Pagan in some ways feels like a catch-all for all sorts of magickal practices even if those practitioners don’t call themselves Pagan or hang out in Pagan spaces (both online and off). New Orleans Voodoo is a good example of this. There are some practitioners of Voodoo who happily identify as Pagan and interact with greater Pagandom (thank you Lilith!), but there are probably many more who do not. They have some good reasons for doing so too, considering Voodoo is far older as a spiritual practice and comes from different root sources than most of the Modern Paganisms the majority of us are familiar with.
There are also all sorts of magickal practices that many of us are comfortable with that have roots elsewhere. Over the last twenty years we’ve seen a revival of interest in the practice of Conjure and Hoodoo in the Pagan Community, but both** practices have Christian roots and origin points that are very different from those that spawned Druidry and Wicca. Many folks who practice Conjure actively identify as Christians too, though many Conjure practices seem right at home in a Pagan circle. Practices derived from English cunning-craft are similar, long dead practitioners of that art would have identified as Christians, and operated in opposition to Witches, they certainly didn’t see themselves as Witches, let alone Pagans, even though their world-view looks familiar to a lot of us today.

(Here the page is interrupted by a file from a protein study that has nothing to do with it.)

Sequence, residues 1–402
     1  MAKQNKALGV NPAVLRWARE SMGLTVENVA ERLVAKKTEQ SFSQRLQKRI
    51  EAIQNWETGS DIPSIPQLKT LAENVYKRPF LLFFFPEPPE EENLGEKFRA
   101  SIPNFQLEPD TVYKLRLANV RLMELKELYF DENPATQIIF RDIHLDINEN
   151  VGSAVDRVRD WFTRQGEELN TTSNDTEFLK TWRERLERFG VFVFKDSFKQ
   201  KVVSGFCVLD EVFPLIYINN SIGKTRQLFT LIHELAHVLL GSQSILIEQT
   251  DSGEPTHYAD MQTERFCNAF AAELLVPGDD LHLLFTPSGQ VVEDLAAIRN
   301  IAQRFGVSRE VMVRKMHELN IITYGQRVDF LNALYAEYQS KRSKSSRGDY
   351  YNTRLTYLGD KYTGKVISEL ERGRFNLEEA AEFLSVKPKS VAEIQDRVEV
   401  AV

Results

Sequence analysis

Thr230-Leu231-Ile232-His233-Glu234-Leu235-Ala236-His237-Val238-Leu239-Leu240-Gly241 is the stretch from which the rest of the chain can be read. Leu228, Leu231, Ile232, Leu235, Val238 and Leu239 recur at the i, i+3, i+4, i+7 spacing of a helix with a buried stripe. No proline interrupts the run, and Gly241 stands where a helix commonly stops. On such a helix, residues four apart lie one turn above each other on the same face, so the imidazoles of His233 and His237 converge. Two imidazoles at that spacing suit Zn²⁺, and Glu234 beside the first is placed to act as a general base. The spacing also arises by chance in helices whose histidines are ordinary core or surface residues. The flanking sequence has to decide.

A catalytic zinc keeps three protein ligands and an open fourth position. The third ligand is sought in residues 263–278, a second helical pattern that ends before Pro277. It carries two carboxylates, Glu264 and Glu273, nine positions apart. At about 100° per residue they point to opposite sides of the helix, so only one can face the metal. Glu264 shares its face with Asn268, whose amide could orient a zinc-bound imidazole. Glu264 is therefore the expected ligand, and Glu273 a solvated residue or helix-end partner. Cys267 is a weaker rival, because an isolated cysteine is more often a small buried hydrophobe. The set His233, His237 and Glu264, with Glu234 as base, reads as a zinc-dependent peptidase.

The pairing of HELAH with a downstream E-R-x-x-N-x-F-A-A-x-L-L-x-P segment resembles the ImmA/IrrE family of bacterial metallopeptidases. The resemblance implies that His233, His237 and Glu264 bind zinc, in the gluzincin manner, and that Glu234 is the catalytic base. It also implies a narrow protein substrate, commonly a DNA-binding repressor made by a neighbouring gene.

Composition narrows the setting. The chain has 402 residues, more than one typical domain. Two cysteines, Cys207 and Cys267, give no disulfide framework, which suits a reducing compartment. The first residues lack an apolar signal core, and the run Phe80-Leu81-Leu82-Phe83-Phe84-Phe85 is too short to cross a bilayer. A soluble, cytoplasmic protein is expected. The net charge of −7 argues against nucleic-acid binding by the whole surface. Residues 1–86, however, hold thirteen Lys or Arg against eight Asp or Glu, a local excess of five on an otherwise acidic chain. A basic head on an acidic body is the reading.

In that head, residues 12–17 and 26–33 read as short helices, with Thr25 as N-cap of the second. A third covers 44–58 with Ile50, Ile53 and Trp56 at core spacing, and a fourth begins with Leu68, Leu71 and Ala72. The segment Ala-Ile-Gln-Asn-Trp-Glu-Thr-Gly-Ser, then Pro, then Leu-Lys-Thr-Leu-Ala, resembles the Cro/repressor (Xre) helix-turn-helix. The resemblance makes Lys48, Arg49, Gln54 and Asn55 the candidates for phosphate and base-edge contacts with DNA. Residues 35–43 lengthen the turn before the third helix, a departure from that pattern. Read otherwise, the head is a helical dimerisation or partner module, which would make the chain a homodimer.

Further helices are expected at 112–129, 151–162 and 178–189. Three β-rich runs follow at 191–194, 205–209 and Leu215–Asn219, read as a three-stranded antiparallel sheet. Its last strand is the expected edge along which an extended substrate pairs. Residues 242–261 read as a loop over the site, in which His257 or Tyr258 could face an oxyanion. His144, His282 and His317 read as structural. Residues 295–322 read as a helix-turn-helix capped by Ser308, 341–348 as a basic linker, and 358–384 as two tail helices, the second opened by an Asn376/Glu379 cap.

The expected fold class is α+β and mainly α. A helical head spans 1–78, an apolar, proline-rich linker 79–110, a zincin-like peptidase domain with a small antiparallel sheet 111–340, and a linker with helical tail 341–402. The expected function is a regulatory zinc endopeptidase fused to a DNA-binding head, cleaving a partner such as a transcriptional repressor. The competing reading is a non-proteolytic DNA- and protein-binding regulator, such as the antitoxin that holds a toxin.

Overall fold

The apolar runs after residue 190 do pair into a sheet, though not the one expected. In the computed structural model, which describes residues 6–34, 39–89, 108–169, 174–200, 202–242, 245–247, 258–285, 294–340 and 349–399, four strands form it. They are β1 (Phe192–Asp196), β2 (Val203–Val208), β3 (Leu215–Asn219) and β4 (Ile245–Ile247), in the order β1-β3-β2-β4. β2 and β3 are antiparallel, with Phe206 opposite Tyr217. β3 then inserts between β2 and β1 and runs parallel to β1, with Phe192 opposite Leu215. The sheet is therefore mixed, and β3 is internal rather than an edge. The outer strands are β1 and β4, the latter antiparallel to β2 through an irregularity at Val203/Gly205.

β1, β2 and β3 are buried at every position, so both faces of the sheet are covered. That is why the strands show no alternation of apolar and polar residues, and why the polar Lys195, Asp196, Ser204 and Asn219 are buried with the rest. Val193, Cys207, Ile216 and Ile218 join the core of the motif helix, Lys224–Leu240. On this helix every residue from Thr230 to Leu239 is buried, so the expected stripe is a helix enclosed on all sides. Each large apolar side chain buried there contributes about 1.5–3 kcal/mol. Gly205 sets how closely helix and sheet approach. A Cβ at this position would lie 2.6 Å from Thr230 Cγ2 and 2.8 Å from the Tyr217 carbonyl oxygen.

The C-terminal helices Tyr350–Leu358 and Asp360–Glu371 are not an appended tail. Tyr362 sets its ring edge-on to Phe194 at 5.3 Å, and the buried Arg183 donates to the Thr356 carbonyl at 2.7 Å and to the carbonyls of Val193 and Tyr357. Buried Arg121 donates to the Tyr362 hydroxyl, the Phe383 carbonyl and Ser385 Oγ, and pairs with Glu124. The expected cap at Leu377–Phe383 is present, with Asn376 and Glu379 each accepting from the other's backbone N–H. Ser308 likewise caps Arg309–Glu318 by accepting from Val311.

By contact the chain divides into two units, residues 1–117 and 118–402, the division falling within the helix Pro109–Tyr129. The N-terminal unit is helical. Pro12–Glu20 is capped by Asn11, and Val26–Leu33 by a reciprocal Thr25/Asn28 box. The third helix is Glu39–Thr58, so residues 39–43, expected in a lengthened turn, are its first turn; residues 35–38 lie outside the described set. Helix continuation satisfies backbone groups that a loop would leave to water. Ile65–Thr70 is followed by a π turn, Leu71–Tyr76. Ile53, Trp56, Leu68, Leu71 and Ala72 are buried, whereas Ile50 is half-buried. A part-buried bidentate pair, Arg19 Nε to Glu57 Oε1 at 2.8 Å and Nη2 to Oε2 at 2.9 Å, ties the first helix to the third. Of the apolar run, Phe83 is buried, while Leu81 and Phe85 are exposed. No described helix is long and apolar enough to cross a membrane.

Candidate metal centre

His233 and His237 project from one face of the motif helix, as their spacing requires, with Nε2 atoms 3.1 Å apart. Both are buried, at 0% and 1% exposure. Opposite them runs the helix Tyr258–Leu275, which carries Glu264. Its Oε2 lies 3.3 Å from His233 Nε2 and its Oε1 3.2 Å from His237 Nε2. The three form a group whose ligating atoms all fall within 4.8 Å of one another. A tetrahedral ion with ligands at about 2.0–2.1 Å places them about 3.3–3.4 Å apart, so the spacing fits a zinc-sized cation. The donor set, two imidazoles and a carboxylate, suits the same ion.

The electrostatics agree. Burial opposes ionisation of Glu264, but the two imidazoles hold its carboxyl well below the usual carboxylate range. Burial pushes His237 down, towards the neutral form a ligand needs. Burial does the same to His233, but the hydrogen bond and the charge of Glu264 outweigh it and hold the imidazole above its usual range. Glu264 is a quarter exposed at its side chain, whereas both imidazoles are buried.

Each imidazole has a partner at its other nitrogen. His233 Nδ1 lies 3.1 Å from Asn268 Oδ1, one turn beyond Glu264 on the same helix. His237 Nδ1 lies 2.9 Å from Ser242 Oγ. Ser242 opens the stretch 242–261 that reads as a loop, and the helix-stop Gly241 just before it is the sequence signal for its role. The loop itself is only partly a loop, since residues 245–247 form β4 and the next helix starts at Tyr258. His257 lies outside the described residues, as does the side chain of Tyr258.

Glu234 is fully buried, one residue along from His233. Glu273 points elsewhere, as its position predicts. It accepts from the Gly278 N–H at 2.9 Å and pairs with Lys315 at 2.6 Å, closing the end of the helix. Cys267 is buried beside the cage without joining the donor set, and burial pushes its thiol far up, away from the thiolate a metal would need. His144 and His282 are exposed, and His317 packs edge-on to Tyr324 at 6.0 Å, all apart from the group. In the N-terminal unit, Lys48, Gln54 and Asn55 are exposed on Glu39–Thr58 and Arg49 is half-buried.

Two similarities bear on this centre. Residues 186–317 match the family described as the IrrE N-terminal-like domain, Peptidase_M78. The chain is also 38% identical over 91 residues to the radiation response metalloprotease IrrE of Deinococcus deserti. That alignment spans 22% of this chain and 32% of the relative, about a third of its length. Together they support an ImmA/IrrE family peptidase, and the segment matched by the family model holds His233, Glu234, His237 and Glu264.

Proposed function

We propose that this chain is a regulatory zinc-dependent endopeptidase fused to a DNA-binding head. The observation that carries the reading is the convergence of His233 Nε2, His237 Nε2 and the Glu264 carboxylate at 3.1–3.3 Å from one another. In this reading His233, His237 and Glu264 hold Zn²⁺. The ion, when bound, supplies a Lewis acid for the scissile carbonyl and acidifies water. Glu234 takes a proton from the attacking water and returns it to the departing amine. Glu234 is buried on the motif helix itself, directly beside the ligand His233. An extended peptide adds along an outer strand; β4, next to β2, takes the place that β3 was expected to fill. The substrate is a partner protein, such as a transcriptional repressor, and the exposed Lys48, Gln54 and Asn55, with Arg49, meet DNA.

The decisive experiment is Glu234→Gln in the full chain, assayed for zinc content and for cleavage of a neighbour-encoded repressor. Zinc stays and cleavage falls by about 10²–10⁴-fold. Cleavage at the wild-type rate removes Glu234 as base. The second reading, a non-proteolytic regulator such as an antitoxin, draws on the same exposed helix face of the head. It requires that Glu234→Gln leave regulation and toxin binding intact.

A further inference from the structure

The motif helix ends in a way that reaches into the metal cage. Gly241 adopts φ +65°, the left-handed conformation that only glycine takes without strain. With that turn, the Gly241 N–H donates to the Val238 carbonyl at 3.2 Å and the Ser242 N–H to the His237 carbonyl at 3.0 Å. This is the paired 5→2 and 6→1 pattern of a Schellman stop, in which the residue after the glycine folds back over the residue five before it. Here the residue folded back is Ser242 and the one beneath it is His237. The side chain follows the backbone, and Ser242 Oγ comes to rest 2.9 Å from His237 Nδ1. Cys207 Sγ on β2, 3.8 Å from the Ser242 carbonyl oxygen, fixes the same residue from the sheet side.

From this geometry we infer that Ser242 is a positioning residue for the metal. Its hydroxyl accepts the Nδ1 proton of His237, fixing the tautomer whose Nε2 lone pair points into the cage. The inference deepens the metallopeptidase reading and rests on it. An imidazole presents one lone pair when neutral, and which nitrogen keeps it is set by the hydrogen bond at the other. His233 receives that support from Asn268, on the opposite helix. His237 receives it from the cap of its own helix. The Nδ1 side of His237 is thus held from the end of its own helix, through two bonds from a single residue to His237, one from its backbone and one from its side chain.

I don’t have a word to replace Pagan, or a word or phrase to describe the diverse amount of beliefs I’ve touched on in this article, but while trying to sleep last night I couldn’t help but think how most of these practices come down to two things: openness and the ability to see something greater than one’s self. To believe in magick one has to first be open to the possibility to that it exists, and we all know lots of folks who can’t even conceptualize a world where magick is real.